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- This topic has 2 replies, 1 voice, and was last updated 5 years, 8 months ago by Anonymous.
- June 24, 2014 at 10:32 AM #79261AnonymousInactive
Was wondering if anyone could give me some pointers/advice to this situations.
I've been asked by a parent volunteer group to take videos of the kids performances so that they can sell it at a school fundraiser. The performances will be held at the school. There are no "official" documents giving permission for me to shoot in the school. Do I need to get one? I'm thinking the school is private property with public access and that the parent volunteer group doesn't have the authority to grant me permission? If my kid is one of the performers, do I still need to get permission to vid?
Since they are selling the video I'm also concerned about the legalities. Other than model releases for the performers which I am still trying to get (I'm thinking it's a deal breaker if I can't even get those), do I need to put some sort of disclaimer at the end of the video that the music used, logos and stuff belong to the repsective owners or something like that? If so, how should I phrase it? I've read some other posts in this forum indicating "incidentals" so that part I'm not too concerned with, the music is what concerns me. Should it concern me? I just shot the vid on behalf of the parent group. I'm not the one selling it.
Any advice, links to advice would be greatly appreciated. Thanks so much in advance.
- June 26, 2014 at 10:45 AM #210719paulearsParticipant
I do this kind of thing and am also involved in professional theatre and children's licenses.
If the school are happy with you taking the video, then it's fine – I'm doing one in a coupe of weeks, and maybe another this weekend. To get in the school you have to sign in, and will be under their control. Part of the deal with being in compulsory full time education is that video recording for evidence is built into the system. The onl snag you will have is if somebody is under a care order – and then their image may well be protected, to keep their identity a secret. Think of perhaps a split family where there is something unpleasant in the past – these kids may well not be able to go on something available to the public – which is what the parents are considered to be. I've had this discovered when the DVDs were duplicated, and I had to re-edit and blob out a face in a dance show. Next time, they just prevented the girl even being in the show, which is sad.
You are not going to get a model release, parents are not going to wear that one – some will, but getting this kind of thing signed is impossible. If the school, through the parent group commision you to make the video, do it – but don't even think of trying to use the video for advertising or show reel – that would need clearance, and with 50 kids, just one refusal to sign messes it up!
Music is very different – copyright clearance if the DVDs are being sold needs to be done properly – a Limited Manufacture License works for this kind of thing. You can offer to do it, but again – schools frequently believe they have exemption for eductional purposes – they don't! At least, not for this kind of thing.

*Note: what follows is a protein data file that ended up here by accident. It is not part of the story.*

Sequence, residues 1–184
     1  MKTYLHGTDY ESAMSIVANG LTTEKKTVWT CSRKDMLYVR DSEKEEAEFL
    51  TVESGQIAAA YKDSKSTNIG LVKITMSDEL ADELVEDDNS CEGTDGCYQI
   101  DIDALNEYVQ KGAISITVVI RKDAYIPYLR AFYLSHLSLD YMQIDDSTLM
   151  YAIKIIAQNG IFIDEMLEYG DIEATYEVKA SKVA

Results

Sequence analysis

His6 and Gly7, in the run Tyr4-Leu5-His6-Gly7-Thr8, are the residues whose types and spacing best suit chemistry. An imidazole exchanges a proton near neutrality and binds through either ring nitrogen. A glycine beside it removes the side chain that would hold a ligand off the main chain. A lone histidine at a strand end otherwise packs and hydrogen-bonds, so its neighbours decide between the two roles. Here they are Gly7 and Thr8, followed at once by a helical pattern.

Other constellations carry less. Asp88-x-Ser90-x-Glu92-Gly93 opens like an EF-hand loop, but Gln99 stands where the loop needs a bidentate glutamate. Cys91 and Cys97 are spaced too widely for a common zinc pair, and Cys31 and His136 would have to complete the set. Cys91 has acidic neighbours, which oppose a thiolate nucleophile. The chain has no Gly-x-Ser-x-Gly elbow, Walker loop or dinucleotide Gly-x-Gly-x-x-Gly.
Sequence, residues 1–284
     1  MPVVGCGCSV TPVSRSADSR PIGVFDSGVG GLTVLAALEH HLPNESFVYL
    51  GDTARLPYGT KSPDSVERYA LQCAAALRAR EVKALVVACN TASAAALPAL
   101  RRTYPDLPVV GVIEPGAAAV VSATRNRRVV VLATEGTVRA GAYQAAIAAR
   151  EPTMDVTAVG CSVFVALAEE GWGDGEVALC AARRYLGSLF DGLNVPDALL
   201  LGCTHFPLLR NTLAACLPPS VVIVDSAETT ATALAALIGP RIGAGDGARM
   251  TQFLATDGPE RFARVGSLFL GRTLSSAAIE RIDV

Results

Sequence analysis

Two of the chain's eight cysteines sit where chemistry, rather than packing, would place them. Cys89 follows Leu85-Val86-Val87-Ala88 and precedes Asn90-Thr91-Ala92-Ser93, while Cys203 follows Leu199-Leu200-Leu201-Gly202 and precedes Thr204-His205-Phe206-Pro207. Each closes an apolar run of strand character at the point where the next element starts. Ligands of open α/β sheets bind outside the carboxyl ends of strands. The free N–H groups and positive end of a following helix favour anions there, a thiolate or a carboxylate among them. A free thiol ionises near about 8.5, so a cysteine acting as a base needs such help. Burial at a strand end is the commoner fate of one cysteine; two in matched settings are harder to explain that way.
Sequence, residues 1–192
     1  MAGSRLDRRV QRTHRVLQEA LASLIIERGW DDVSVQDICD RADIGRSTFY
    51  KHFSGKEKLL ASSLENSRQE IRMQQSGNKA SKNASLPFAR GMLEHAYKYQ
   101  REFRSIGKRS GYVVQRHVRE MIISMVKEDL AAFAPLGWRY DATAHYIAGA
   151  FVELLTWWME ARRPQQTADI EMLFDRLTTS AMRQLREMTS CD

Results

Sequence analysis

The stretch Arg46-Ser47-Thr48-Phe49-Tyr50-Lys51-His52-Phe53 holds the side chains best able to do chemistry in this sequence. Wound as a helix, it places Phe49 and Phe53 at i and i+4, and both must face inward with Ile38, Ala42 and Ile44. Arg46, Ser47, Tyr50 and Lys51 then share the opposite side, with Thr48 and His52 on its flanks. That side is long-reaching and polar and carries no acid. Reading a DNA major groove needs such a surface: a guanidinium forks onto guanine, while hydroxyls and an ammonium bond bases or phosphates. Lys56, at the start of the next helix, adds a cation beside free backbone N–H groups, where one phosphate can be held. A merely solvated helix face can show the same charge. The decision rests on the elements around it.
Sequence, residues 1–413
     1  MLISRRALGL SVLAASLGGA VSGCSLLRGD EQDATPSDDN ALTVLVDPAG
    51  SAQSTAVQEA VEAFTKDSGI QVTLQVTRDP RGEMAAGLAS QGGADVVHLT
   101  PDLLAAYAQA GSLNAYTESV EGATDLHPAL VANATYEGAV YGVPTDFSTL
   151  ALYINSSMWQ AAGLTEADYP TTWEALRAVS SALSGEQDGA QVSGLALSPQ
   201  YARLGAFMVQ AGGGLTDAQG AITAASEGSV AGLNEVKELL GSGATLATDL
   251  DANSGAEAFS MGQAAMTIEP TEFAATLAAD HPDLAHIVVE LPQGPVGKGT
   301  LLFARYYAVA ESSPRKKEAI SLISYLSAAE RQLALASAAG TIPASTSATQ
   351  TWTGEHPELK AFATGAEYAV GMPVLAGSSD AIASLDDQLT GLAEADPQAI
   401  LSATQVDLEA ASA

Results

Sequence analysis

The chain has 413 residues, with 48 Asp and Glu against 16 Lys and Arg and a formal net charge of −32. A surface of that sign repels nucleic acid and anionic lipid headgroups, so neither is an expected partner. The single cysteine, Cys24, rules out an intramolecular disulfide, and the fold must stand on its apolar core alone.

Technically, you are the producer, and you did the combining process – adding the music to the images. You are therefore responsible.
For me, all I do is send an email to the person at the school in charge, not the parent group, the teacher, head of department or the head, explaining that copyright material has been included, and asking if you would like them to arrange it (and I do it at cost), or would they like to clear this themselves. The answer is what I keep safe. Although PRS/MCPS and PPL could come after me, I'll take the risk a judge would see my email and consider me a responsible person. A risk, but one I take.
The school will only allow you to video it if they are happy. Being invited in, being allowed to shoot the video and edit it are enough permissions for me.
In schools, they cut corners – the biggest issue is payment. I'm assuming they are paying you – they need to give you a purchase order or the school won't pay. The purchase order is in effect, permission to record.
Me – I never expect schools to follow any industry style process. The show I've just been sent the music for has edited quite a few tracks (badly) together. We'll be using them to 100 people each show for three shows. Have they thought about copyright? I doubt it very much. All the material I have so far is copied from music books that clearly prohibit copying, prohibit public performance and prohibit unauthorised arrangements – that seems to cover it nicely.
I have never seen a school ever prosecuted for copyright infringement, or photograph useage.
I really wouldn't worry – just cover your back.
- September 4, 2014 at 8:14 PM #211018CvilleParticipant
If it is a musical or a play that the school purchased they usually have the option to purchase the recording rights. Usually they only grant rights for copies to go to the performers/family. Usually the teacher or dept head putting on the event will have the information on what they have purchased. Some programs can not be licensed.
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